Zemfira's Song

Tchaikovsky Research
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Zemfira's Song (Песнь Земфиры) (TH 90 ; ČW 210) is one of Tchaikovsky's earliest compositions. For many years the song was only known in a version edited by Karl Albrecht, until Tchaikovsky's original score was rediscovered.


Scored for medium or high voice with piano accompaniment.

Movements and Duration

There is one movement: Allegro non tanto (A minor, 26 bars) [1], lasting around two minutes in performance.


The words are by Aleksandr Pushkin (1799–1837), from his 1824 poem The Gypsies (Цыганы). Tchaikovsky used only the first two of the five stanzas, modifying the first:

Старый муж, грозный муж, режь меня
Старый муж, грозный муж, жги меня:
Я тверда, не боюсь
Ни огни, ни меча.
Режь меня, жги меня.

Ненавижу тебя,
Презираю тебя;
Я другого люблю,
Умираю любя.

Старый муж, грозный муж, режь меня
Старый муж, грозный муж, жги меня:
Я тверда, не боюсь
Ни огни, ни меча.
Режь меня, жги меня.

Он свежее весны,
Жарче летнего дня;
Как он молод и смел!
Как он любит меня!

Старый муж, грозный муж, режь меня
Старый муж, грозный муж, жги меня:
Я тверда, не боюсь
Ни огни, ни меча.
Режь меня, жги меня!


Nothing is known about the process of composition. The work was only discovered after Tchaikovsky's death, in the form of a manuscript copy of the score made by Karl Albrecht. On 11/24 May 1901, Boris Jurgenson told Modest Tchaikovsky: "I am sending you... the manuscript I have found of "Zemfira's aria" [sic]. Father does not remember when or where it was written or how it came to be in his possession. Perhaps you know something about this from your letters?" [2].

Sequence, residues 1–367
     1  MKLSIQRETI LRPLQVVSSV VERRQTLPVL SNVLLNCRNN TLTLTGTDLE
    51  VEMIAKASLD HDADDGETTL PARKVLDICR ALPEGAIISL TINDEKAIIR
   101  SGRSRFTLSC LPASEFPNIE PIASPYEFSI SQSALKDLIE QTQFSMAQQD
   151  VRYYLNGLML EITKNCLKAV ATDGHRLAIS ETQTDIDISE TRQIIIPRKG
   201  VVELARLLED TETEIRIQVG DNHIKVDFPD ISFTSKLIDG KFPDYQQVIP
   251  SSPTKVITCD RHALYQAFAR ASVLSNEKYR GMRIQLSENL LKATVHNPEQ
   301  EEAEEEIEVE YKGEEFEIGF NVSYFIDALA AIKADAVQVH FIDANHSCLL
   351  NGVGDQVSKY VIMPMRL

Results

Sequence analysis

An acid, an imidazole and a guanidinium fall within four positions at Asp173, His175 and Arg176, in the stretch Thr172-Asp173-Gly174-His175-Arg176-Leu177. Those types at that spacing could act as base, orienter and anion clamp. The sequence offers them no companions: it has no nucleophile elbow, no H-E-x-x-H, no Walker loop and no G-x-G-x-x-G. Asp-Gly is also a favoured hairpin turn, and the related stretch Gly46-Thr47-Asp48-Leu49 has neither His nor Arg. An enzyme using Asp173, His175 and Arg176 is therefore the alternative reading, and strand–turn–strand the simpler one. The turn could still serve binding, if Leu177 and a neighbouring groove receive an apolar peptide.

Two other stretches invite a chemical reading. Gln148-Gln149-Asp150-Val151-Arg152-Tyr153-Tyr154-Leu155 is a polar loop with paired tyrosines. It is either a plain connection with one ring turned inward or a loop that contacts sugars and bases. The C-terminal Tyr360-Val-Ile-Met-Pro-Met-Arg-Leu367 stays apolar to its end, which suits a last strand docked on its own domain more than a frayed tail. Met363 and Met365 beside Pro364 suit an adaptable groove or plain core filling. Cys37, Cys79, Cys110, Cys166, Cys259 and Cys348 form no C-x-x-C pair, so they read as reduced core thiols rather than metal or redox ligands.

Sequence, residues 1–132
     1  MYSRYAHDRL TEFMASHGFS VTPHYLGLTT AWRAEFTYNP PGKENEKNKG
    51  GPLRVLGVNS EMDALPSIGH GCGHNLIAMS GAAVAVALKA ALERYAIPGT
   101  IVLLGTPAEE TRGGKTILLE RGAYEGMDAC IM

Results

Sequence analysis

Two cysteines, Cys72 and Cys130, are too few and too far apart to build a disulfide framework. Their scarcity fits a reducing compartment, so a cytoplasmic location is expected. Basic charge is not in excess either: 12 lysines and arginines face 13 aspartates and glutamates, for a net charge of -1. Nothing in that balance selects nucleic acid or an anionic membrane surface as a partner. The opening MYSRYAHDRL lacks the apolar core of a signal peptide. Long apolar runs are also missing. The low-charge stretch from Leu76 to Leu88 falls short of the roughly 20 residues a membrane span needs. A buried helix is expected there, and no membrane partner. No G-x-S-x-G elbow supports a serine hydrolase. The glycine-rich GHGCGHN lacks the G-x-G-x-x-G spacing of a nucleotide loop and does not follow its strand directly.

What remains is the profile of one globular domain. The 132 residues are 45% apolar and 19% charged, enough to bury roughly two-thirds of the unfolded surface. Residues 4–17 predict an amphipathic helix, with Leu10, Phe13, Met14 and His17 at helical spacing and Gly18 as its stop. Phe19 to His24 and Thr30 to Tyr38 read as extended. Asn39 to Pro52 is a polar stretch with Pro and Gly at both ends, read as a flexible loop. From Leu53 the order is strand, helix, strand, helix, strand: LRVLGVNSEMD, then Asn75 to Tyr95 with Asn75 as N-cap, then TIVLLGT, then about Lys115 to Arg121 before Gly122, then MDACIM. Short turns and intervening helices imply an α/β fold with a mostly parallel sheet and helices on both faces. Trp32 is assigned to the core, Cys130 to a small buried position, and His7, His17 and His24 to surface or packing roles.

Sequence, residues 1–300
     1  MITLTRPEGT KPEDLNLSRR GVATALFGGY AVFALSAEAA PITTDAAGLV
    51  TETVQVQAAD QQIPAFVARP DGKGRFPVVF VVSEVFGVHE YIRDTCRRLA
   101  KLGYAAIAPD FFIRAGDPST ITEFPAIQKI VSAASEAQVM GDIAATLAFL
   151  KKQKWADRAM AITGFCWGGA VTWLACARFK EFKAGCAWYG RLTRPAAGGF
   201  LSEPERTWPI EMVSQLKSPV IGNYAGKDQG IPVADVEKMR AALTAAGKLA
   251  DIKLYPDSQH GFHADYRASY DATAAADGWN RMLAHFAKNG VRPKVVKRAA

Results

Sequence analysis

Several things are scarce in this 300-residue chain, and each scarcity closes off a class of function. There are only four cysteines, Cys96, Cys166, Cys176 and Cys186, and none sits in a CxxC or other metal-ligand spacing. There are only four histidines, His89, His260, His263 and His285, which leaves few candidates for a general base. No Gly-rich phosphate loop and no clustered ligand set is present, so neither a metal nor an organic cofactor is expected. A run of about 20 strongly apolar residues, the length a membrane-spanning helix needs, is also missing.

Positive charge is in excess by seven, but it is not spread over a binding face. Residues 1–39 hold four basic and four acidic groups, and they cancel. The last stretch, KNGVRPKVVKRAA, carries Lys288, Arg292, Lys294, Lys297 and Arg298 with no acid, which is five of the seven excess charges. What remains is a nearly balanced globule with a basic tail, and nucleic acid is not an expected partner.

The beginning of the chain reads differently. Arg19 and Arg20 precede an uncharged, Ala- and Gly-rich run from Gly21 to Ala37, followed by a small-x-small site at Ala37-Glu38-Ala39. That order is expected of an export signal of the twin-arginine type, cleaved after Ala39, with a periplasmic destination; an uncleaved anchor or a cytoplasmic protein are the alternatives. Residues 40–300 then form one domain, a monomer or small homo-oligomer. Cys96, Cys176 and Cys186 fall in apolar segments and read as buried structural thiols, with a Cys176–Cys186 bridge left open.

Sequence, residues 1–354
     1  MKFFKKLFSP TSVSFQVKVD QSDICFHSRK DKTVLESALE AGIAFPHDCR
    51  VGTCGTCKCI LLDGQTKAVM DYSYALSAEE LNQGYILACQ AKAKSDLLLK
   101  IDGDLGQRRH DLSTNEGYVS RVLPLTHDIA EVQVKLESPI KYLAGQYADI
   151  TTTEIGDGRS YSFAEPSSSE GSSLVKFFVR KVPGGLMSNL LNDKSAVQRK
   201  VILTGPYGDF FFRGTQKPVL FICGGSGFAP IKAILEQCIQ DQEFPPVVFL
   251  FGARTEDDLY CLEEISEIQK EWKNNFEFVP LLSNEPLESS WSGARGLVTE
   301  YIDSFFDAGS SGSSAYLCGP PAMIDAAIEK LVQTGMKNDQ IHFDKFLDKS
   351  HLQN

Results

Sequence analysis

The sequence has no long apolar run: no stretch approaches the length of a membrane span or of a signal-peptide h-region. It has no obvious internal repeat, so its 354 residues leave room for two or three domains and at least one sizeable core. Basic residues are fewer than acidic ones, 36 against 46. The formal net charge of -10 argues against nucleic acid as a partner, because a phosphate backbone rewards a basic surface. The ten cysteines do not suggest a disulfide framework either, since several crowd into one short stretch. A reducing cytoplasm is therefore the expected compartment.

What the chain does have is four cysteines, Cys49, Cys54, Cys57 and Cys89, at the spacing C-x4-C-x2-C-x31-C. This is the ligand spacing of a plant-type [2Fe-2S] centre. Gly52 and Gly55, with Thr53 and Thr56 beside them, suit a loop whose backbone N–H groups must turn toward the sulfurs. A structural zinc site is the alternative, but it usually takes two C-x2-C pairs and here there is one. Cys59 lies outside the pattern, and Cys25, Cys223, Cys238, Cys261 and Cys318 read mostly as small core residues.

In August 1940, a few months after the first publication of the song from Albrecht's manuscript, Tchaikovsky's original autograph was discovered. There were found to be significant differences between the published copy and the autograph. For example, the copy changes the form of the romance: there is an additional repeat of the first couplet (after the rest) and a four-bar interlude before the final couplet. The copy is longer than the original (34 bars as opposed to 26 bars) These changes were probably introduced in order to make Zemifra's Song more closely resemble Pushkin's "The Gypsies". This is suggested by the fact that some of the words (without accompanying melody) have been added to the copy but do not appear in the original. The first of these insertions occurs after Aleko's opening line, while the remainder are repetitions of Aleko and Zemfira's lines, broken in the song as Pushkin. The copy also contains modifications of Pushkin's text in the third verse, and the fifth is omitted completely. The autograph uses only the first second and last verses of Pushkin's text [3].


Zemfira's Song was published for the first time from Karl Albrecht's copy in volume 44 of Tchaikovsky's Complete Collected Works, edited by Ivan Shishov and Nikolay Shemanin [4].

Tchaikovsky's original version was only published for the first time in 1986, by Muzyka (Moscow) [5].


Tchaikovsky's autograph score is now preserved in the Klin House-Museum Archive (a1, No. 104), where Karl Albrecht's manuscript copy is also to be found ((a16, No. 1).


See: Discography

External Links

Notes and References

  1. Tchaikovsky's original score is 26 bars, but the revised version, as set out in Karl Albrecht's manuscript, is 34 bars.
  2. Letter of 11/24 May 1901 from Boris Jurgenson to Modest TchaikovskyKlin House-Museum Archive.
  3. See Музыкальное наследие Чайковского. Из историй его произведений (1958), pp. 430–431.
  4. Also printed in Два неопубликованных романса П. И. Чайковского (1940).
  5. P. Tchaikovsky, Романсы. Для голоса в сопровождении фортепиано, вып. 1 (Moscow: Музыка, 1986), p. 7-8. Plate 13192.